This observation was supported by the release of Apple's newest and thinnest laptop, the MacBook, which has a keyboard with a mechanism in which its keys have nearly no depth, meaning that the device can be thinner than ever.
The invention, a "configurable, force-sensitive input structure for an electronic device," describes a way to interact with an electronic device. The patent's pictures show a laptop like a MacBook.
Essentially, Apple's experimenting with "zero-travel" inputs. A touchscreen, for instance, is a zero-travel input: When you press on it, there's no physical mechanism that moves.
But the invention published on 7 April is more like the "Force Touch" trackpads that Apple has included on recent MacBooks that rely on haptic technology. Instead of clicking, a layer senses the force that the user's fingers impart to the surface and when pressed down, instead of the trackpad actually moving, a small motor provides a sensation as if you're actually clicking.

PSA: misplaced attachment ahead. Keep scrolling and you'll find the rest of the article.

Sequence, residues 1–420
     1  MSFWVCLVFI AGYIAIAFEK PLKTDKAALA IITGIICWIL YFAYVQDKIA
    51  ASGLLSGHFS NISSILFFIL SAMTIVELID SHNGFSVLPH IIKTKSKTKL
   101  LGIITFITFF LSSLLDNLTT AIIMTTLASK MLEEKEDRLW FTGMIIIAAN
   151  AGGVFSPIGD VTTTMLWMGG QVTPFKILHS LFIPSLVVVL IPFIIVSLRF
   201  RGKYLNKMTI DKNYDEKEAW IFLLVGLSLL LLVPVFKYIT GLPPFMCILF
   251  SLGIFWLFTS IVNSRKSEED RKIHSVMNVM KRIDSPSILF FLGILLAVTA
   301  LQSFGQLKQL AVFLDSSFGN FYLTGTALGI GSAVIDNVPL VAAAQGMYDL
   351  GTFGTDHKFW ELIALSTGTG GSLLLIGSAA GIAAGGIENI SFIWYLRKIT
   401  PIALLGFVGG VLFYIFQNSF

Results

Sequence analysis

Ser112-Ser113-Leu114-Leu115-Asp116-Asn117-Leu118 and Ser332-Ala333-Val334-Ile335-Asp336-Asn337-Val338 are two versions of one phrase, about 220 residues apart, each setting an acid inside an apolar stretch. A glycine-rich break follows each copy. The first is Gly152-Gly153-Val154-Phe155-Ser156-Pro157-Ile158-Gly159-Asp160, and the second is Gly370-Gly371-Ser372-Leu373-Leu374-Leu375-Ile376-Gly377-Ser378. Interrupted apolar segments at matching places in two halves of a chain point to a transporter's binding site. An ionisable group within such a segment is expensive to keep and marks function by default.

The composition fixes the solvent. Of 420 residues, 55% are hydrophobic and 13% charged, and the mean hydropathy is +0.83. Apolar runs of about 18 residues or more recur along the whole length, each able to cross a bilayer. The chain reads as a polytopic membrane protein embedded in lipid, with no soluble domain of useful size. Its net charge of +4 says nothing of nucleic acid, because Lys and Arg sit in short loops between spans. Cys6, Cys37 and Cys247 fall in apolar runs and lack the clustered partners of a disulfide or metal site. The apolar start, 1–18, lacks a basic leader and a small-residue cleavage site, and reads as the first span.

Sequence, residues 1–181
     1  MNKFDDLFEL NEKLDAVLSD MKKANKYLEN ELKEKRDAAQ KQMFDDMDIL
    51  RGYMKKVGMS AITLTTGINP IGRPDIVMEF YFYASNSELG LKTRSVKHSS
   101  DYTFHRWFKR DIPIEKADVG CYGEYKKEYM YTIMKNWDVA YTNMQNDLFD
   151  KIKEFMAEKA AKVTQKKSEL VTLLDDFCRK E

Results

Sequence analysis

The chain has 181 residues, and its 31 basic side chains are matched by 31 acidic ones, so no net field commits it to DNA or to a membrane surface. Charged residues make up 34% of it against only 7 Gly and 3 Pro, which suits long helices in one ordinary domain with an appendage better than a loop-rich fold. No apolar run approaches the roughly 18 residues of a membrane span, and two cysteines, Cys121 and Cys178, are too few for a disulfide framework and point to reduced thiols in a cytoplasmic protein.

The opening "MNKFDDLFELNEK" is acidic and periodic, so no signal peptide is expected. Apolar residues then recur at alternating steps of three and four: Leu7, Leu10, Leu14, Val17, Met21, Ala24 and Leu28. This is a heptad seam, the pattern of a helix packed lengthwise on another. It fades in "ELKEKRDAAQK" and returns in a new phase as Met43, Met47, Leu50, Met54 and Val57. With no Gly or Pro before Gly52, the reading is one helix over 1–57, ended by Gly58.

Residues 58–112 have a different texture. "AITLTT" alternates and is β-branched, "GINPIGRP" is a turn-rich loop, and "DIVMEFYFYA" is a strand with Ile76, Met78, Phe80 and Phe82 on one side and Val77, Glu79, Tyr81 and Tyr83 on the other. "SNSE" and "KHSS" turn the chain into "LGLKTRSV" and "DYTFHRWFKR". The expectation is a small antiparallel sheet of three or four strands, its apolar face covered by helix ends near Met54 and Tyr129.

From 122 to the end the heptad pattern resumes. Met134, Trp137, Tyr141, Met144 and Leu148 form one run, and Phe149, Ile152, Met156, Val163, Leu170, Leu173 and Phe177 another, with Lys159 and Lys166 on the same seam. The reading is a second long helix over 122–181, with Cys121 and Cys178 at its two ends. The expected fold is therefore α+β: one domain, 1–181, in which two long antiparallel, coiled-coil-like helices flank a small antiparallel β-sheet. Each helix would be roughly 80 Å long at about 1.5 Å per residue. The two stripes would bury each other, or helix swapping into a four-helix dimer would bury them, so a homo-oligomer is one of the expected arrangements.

So instead of keys, a future MacBook could have a flat surface that users can type on.
This patent takes that idea to the next level, and seems to indicate that this kind of haptic technology can be configured for a laptop keyboard, a number pad, or a track pad, all with the same general input structure. Furthermore, the positioning of these haptic keypads can be configurable — so the laptop might have a number pad for Excel sessions, and switch to a game pad for playing games.
Apple even says that "micro-perforations" in the casing may be able to light up to give the user the guidelines of a keyboard, for instance, without the battery drain of a full touchscreen.
Of course, Apple patents stuff all the time, and there's no guarantee that a patent will eventually become a product or a feature.
But given Apple's investment in zero-travel trackpads, there's certainly a possibility that it will consider using that technology for keyboards and other input devices, and Apple has filed for similar "force touch" keyboards in the past.